Giles, a longtime egalitarian, establishes what the Bible actually teaches by critiquing biblical arguments for the permanent subordination of women; in other words, Giles critiques complementarian theology and methodology.
In Threads of Wisdom, Caroline Mendez responds to a vacuum that exists for Christian women in business. There is little opportunity for them to engage with other Christian businesswomen about how to use their God-given abilities in the workplace while at the same time giving expression to their faith.
"In this book, Giles offers a thorough and practical analysis of early church leadership, especially regarding women’s participation. While readers may notice a number of typographical errors, these mistakes do not diminish the substance of this helpful work. Giles provides an accessible and easily understandable study of this important topic from an egalitarian perspective."
In 1994, 10 percent of Rwanda’s population was slaughtered in a mass genocide over a period of 100 days. In the aftermath, Rwandans struggled to secure food and water, find loved ones, and rebuild a sense of security. Into this chaos stepped the women of Rwanda, who defied tradition to take on leadership roles and recovery efforts while dealing with individual and collective trauma and grief.
Overall, Shalom Sistas is a fun read. It’s not too heavy on theology, but not without it. It’s primarily story-based, but also teaches the reader the peacemaking way of life. It’s humorous, but the reader will sometimes find herself crying. At the end of the day, it’s worth taking the time to join Osheta Moore, and think about bringing shalom to all areas of our lives.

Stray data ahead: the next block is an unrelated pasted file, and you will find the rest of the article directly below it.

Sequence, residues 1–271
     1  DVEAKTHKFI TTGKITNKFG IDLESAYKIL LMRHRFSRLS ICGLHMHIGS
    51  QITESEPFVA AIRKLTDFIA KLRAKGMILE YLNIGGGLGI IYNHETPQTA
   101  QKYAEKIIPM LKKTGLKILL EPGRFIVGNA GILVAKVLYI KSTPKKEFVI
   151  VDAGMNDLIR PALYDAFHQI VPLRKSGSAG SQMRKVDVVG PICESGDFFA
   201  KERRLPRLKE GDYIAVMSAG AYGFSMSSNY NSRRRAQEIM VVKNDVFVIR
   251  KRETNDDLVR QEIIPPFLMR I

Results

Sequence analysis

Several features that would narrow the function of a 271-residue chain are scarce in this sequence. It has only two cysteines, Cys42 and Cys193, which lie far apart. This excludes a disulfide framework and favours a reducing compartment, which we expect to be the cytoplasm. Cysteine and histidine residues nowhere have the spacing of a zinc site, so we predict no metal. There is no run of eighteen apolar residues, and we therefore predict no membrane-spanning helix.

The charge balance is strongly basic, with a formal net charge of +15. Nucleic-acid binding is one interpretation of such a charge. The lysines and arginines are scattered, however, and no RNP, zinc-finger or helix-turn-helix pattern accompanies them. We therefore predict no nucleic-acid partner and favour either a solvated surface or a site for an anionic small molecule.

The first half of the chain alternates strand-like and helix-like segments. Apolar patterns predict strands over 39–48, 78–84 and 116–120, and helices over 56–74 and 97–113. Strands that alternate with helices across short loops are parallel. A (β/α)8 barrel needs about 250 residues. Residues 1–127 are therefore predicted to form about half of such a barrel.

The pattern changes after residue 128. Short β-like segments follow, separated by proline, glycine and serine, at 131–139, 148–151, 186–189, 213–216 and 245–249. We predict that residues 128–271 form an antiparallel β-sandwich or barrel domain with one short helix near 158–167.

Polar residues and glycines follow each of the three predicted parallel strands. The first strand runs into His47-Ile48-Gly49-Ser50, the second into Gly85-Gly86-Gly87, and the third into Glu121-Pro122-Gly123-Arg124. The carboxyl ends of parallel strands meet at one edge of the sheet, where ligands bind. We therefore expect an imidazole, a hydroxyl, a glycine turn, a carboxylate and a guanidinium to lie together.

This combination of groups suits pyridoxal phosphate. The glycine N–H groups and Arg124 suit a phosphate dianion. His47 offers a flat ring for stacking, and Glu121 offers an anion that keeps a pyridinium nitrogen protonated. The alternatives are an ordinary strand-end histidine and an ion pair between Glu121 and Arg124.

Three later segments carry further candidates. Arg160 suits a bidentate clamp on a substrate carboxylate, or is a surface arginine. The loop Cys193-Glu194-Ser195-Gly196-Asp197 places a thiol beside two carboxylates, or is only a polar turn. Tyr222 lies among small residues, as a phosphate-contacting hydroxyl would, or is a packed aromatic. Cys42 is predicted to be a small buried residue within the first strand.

The four-volume Dictionary of Daily Life in Biblical and Post-Biblical Antiquity (DDL) provides a well-rounded overview of life not only across time periods but also across the several cultures of the biblical world.
Men are from Israel, Women are from Moab: Insights about the Sexes from the Book of Ruth, written by Dr. Norm Wakefield and Jody Brolsma, takes a quick look at our gender stereotypes and discards them. Instead, they focus on how we can build one another up and nurture healthy relationships.
Ruth Hoppin has spent decades researching Adolf Harnack's hypothesis that Priscilla wrote the biblical Epistle to the Hebrews. A first book, Priscilla, Author of the Epistle to the Hebrews, was published in the late 1960s. Since that time additional relevant material has been published, some of it related to the Dead Sea Scrolls. This book is an update which takes such material into account.
In a conversational, no-nonsense approach to a controversial issue, 10 Lies the Church Tells Women discusses 10 traditional ideas many Christian churches have used to claim the Bible restrains women from leadership.